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Chainsaw
05-06-2019, 09:47 AM
last September I parked the truck and trailer at our storage place. A week ago I went and got the truck to haul firewood. In order to unhook I had to use the jacks and turn on the 12volt. I returned the truck, hooked up and left.

On Saturday I went to get my torque wrench from the truck. The truck would not unlock with the fob, turns out the batters were dead.

Well, I got the batteries charged and checked to see if anything was left turned on or plugged in that would drain the batteries. Nothing, then I noticed that the trailer was plugged into the truck, no big deal. I opened
the storage and checked the master switch on the trailer, it was on.
I have to believe that there is something in the trailer drawing power that killed the truck.

Does anyone have any ideas?
Remember, the truck was parked with the trailer and the trailer was plugged into the truck since September only difference is the master on the trailer was turned off. Truck started great when I went to get it to haul wood.

JohnDar
05-06-2019, 01:07 PM
The LP detector is always on if the battery is connected. Same for any radio/clock that is wired to the 12V system with a digital display. Were any lights left on inside the trailer, like in a closet or compartment?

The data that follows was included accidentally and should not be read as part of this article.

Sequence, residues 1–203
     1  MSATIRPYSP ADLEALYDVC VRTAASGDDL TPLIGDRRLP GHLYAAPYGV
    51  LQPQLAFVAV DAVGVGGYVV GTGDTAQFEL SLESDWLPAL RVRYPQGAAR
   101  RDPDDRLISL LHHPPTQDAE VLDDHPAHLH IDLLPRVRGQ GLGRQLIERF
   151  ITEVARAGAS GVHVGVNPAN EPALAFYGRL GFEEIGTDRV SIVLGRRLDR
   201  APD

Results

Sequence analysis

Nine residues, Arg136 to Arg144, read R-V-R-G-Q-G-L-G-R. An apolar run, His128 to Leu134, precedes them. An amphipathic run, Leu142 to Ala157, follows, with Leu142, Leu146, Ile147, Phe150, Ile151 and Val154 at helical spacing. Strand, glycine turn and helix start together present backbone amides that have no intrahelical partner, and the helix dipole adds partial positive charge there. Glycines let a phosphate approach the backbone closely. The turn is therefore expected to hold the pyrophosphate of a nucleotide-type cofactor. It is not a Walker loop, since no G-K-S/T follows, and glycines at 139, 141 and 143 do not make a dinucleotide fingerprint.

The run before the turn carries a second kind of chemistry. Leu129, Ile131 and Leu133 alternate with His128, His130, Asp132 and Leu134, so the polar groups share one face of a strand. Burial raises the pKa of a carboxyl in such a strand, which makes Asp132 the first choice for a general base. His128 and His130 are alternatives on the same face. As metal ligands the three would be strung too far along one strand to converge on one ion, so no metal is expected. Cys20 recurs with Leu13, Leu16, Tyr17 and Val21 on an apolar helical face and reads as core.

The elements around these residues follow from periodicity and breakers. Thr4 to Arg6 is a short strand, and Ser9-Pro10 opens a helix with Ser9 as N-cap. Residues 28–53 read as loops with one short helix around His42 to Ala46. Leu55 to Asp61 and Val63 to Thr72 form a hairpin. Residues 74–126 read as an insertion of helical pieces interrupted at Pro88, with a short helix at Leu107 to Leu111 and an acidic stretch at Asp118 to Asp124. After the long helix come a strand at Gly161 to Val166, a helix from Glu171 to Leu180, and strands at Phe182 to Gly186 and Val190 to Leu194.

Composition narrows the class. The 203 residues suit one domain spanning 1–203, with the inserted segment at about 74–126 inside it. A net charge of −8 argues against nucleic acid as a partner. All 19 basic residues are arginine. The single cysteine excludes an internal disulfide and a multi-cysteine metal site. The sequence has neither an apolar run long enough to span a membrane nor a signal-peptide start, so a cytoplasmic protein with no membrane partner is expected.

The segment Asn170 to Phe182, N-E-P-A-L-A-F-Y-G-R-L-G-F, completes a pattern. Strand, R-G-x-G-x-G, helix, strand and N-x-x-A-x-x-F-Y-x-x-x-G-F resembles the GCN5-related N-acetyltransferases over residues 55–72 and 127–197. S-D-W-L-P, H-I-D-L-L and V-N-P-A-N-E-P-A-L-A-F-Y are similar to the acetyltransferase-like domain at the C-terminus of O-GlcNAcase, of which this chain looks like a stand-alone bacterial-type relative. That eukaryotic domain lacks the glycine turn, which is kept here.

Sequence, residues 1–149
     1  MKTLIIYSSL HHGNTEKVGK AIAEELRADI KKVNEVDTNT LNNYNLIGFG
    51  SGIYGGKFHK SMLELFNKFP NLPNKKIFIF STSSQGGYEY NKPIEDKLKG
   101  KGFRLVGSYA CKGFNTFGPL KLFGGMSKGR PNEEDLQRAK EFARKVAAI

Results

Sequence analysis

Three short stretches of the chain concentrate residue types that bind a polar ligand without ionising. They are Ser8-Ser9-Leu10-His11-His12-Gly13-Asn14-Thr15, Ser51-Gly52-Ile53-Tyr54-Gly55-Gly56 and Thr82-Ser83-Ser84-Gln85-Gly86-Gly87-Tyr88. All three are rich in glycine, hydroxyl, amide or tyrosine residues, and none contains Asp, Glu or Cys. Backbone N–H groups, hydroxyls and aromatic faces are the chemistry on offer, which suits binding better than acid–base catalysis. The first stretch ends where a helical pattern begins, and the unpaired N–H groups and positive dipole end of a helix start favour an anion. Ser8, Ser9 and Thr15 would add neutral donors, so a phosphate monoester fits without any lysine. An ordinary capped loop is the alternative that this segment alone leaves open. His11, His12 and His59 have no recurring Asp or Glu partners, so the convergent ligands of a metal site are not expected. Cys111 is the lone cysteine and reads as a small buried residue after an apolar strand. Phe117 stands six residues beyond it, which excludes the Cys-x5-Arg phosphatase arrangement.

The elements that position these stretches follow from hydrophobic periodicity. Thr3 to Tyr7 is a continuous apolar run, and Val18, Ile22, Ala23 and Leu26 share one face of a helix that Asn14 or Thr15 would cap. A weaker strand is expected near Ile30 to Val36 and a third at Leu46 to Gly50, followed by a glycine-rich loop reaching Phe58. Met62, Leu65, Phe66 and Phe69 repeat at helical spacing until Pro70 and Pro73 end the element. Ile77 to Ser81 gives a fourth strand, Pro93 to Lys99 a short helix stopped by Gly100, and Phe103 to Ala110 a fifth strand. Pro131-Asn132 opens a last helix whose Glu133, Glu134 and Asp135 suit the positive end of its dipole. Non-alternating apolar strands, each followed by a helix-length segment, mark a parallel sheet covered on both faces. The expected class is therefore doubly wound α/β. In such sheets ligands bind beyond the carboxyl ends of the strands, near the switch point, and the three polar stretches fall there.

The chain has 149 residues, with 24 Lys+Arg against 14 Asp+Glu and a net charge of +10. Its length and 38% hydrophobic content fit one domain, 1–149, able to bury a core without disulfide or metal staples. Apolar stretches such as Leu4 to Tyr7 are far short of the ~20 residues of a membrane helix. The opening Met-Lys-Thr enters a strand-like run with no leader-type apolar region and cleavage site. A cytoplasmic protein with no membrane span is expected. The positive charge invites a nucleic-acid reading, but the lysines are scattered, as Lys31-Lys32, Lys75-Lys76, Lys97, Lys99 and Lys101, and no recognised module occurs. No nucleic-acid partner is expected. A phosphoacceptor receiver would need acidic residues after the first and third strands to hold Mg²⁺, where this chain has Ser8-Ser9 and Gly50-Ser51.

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jnbhobe
05-06-2019, 02:32 PM
There is power to the fridge and hot water tank all the time

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wdk450
05-06-2019, 02:40 PM
The trailer battery charging circuit on the truck SHOULD only be live when the truck motor is running. I know that on motorized RV's they have a battery isolator component (the old ones were relays energized by the ignition being ON - the new ones are diode assemblies) that prevents the "House" (RV) batteries from discharging the motor starting batteries, so you don't get stuck at some remote campsite.

GregP
05-06-2019, 04:50 PM
You did well to have left the truck for six months and still get it to fire up. A lot of the newer trucks will draw down a battery in storage through phantom power draw thru onboard electrical (Clocks, computers, etc.) Your battery may have lost enough power during storage that it may not have had enough "juice" to start your truck and fully recharge the battery(s). Cold weather doesn't help either. I store my truck with the batteries fully charged and disconnected over winter and find the power level depleted over-winter just from sitting.

SDFiver
05-25-2019, 09:35 PM
I've no experience with Chevy or Dodge but my understanding is that their electrical circuits allow the trailer to pull power from the tow vehicle whether its running or not. (This could have changed, don't know.) Not a good idea to leave your trailer plugged into them for too long and the vehicle not running. I do know that Ford Super Dutys have a relay that prevents the trailer from running the truck battery down when the truck is not running.